I love coffee. I love it a whole lot. I drink several cups a day. However, for years, I treated coffee like gasoline; you just put it in your tank to make your engine go, it doesn’t matter what brand it is. But recently, inspired in part by my brother’s quest to make his own, improved-on Clover coffee machine, I’ve been spending a little more time and paying a little more attention to the quality of my coffee. Like a hobbyist who races antique cars, I’ve started to care about the acidity, the ratio of impurities, and the very chemical composition of the fuel that I put in my coffee mug each morning. I appreciate the gentle, balanced bitterness of a good cup of coffee.
My office has a big, shitty drip coffee machine, that brews directly into those insulated carafes that you see in hotel lobbies. Even a fresh pot comes out weak yet overbrewed and acidic. For a while I made myself coffee using an Aerobie AeroPress, which makes great coffee; but cleaning it after every cup began to get on my nerves. So I decided to see what kind of results I could get using just the disposable supplies in our break room. Inspired by legitimate, fancy pour-over techniques, I’ve managed to make many very-decent cups using nothing but the cheap (definitely not Chemex-quality) filters that our industrial drip machine uses perched directly over my mug (so that it sits down into the mug an inch or so). Then I pour the hot water over the pre-ground Starbucks (meh) beans, paying attention to making and maintaining a bloom. While accepting the so-so quality of the beans, I end up with a full-bodied, well-balanced cup every time. Would a *really* fancy coffee maker like a Clover, or even a real Chemex, make a better cup? Probably; but probably only incrementally better than what I’m getting now, especially with the industrial-quality beans that my office buys.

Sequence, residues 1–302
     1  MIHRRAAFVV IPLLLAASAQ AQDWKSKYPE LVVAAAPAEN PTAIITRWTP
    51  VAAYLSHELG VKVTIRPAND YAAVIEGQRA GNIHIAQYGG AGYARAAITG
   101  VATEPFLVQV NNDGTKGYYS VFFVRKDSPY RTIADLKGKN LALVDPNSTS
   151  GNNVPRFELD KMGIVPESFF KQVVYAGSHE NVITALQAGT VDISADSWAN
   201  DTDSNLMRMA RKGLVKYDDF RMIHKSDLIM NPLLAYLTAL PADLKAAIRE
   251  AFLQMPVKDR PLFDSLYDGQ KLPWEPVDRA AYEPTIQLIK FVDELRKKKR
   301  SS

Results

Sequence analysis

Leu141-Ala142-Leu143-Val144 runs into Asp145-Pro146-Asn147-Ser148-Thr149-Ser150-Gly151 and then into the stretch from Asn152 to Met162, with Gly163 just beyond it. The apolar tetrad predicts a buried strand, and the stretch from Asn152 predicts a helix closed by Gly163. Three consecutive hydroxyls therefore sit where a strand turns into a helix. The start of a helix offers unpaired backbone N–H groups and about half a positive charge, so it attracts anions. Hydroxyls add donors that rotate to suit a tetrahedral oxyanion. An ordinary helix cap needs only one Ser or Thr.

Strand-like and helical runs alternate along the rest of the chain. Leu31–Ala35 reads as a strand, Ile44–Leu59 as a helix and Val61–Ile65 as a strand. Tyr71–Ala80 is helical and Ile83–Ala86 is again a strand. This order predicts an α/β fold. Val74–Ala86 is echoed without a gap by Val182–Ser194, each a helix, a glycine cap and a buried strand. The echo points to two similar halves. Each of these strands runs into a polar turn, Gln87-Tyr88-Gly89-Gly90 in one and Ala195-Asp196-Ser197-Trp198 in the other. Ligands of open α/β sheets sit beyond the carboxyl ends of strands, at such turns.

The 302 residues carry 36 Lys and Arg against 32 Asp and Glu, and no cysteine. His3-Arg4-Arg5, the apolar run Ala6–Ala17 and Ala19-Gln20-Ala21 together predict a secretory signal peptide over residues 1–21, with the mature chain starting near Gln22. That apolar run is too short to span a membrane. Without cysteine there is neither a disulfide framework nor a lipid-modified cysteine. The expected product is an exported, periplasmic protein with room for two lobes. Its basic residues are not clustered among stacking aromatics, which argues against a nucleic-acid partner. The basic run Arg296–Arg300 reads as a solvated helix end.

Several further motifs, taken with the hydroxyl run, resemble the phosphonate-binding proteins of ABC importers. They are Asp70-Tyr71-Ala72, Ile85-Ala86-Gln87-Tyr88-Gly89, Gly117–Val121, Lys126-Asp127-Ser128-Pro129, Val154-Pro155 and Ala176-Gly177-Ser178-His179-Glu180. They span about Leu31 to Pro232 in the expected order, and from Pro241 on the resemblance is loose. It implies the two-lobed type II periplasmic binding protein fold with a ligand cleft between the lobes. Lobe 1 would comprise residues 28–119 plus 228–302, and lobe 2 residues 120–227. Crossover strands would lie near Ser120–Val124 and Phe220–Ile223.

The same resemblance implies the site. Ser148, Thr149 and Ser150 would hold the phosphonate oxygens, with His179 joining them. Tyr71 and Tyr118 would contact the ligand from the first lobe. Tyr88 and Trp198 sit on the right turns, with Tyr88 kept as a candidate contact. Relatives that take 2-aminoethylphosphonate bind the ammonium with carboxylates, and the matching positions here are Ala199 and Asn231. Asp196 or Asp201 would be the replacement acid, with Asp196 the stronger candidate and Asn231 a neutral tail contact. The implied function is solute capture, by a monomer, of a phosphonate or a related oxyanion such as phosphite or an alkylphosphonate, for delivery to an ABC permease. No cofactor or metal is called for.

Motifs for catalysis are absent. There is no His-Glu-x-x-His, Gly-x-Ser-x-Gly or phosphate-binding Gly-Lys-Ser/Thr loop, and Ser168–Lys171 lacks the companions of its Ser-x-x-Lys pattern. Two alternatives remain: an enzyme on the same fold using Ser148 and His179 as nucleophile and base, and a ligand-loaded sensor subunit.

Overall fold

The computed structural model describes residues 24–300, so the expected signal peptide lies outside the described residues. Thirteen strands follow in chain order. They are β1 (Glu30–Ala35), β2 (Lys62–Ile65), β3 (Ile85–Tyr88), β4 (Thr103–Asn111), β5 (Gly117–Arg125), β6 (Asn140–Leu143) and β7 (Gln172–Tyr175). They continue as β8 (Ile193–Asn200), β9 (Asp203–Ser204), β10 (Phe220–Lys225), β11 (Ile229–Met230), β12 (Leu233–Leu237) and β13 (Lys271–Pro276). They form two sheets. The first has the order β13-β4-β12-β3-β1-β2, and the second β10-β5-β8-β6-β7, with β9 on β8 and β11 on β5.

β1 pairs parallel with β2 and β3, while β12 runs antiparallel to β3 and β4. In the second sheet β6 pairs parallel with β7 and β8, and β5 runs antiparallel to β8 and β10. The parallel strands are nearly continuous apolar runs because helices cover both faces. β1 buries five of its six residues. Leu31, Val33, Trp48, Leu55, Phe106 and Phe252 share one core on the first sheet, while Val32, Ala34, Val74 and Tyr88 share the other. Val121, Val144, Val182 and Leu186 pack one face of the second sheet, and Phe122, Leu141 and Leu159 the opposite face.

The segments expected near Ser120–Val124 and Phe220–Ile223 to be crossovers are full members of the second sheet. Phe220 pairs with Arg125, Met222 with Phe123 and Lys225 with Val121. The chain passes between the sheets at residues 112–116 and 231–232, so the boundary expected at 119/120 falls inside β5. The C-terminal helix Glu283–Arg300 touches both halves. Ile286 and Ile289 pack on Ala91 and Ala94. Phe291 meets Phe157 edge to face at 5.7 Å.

So that’s how I was inspired to make a better cup of coffee, without spending big bucks on complicated apparatus. Next time I do it, I’ll take some pictures of my whole pour-man’s pour-over process and make another post! But in the mean time, next time you go for a cup of coffee, give pour-over a try. You’ll be pleasantly surprised.